“You have five seconds to get people’s attention,” says the finance writer Morgan Housel. “Books, blogs, emails, reports, it doesn’t matter—if you don’t sell them in five seconds you’ve exhausted most of their patience.” I tend to think he’s right, which is why I’m excited to talk to you today about Milk Duds.
I enjoy reading Housel’s blog. Recent installments include ruminations on adversity, expectations, environmental sustainability in Latin America, a few books he has read recently, and the elusiveness of sustained excellence. The last of these recalls a conversation in 1990 between Jerry Seinfeld and David Letterman about Seinfeld’s new sitcom. “Jerry said there was one frustrating problem: NBC supplied the show with teams of comedy writers, and he didn’t think they were getting much good material from them.” Letterman demurred. “Wouldn’t it be weirder if they were good? Wouldn’t it be strange if they could all just produce reams of hilarious material day after day?” Seinfeld laughed. Yes, he acknowledged, “it’s supposed to be hard.”
I have written about patience before, noting what the British-American poet W.H. Auden had to say about it: “Because of impatience we were driven out of paradise, because of impatience we cannot return.” I suppose this is where Milk Duds come in. Last week, a Middle School parent told me a story about her sometimes cerebral daughter musing about “time folding over on itself,” and supposing that our own MICDS playground may be the very point in the universe where this phenomenon occurs. “How about a Milk Dud?” her mother asked after enjoying this bit of astrophysics. I thought I had missed something. “Why a Milk Dud?” I asked. “Because it’s a good candy for thinking,” she said. “Skittles and M&Ms go really fast, and before you know it you’ve had too many, but Milk Duds take a while, and one is usually enough.” Perhaps even half a Milk Dud will do if you’re standing at the spot on Linda’s Playground where time folds over on itself—although I suppose it depends on the number of folds.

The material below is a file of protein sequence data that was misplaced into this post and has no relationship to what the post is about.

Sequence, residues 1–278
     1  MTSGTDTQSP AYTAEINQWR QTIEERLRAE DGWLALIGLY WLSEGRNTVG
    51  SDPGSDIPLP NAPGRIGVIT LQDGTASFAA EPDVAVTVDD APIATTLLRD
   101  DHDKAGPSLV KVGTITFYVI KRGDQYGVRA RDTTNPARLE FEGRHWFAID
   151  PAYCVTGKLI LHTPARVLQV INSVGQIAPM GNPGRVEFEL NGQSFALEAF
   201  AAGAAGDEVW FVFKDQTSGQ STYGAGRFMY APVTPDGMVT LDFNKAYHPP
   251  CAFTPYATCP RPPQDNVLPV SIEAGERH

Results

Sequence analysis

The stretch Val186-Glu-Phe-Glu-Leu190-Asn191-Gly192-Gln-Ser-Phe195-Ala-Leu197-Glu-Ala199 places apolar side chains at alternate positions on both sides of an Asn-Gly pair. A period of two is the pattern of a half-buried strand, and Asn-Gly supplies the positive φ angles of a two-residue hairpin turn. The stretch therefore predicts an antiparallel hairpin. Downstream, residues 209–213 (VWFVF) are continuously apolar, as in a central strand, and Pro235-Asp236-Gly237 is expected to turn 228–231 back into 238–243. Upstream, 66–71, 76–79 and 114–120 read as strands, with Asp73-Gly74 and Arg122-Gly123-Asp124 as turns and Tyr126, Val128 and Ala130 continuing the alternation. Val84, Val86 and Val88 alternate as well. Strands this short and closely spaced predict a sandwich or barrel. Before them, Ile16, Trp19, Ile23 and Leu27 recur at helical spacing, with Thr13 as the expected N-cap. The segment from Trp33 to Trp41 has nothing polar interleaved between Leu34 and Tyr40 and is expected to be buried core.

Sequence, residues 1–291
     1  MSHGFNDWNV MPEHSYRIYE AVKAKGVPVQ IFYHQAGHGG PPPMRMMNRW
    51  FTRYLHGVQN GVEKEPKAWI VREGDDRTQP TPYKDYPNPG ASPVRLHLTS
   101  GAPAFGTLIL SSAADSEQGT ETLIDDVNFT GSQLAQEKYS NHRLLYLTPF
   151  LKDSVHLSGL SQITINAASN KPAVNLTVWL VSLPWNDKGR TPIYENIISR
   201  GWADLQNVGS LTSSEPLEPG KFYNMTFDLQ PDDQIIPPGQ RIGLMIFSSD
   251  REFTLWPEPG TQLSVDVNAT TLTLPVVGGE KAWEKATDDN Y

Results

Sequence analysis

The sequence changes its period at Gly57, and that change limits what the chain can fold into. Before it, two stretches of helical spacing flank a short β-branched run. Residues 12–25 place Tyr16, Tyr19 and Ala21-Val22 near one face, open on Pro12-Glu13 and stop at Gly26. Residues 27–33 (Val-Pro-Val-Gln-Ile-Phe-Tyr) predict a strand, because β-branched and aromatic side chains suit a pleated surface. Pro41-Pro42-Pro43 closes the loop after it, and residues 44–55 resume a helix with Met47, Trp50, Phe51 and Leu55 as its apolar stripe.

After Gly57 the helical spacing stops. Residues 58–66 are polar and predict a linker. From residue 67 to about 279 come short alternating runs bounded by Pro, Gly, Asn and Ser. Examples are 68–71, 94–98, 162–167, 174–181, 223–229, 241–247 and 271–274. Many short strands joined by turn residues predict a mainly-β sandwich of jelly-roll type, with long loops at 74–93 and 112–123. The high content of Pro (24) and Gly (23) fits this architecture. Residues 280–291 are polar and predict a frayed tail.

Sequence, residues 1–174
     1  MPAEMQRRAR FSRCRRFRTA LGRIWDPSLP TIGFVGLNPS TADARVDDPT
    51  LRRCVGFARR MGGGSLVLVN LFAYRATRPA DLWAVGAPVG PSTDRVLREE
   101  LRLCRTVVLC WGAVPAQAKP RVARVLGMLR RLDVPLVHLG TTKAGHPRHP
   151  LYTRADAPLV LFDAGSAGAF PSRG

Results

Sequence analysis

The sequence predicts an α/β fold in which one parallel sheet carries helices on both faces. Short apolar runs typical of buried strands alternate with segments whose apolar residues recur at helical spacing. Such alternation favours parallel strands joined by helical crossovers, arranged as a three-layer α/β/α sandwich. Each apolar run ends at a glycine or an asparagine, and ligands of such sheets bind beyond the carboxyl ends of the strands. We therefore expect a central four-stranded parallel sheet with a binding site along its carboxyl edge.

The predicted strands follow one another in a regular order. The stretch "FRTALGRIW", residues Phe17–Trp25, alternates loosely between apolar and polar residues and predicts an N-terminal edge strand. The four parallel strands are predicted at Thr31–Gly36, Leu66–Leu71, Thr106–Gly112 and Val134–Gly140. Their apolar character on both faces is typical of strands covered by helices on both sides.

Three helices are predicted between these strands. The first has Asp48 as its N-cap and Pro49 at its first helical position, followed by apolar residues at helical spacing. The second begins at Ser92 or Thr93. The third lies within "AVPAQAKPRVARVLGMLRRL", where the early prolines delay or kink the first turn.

Wednesday commenced and today concluded the Milk Dud days of our fall semester. Conferences provide teachers, parents, and, as soon as they are ready, students with important opportunities to reflect, assess, and plan. This is Milk Dud work, not Skittles work. I love that we pause at MICDS to take stock of where we are in the learning process, and where we hope to be, by making time for these essential conversations. They are deliberate acts of patience in an impatient world.
“Every market valuation,” Morgan Housel writes, “is a number from today multiplied by a story about tomorrow.” Translate this equation from terms of corporate to human capitalization, and its essence is unchanged: The value of every education is what someone knows today multiplied by what they will learn tomorrow. Conference days embody our commitment to the whole student equation at MICDS—past, present, and future—in partnership together. Thank you for your participation in them.
Always reason, always compassion, always courage. Have a wonderful weekend!
Head of School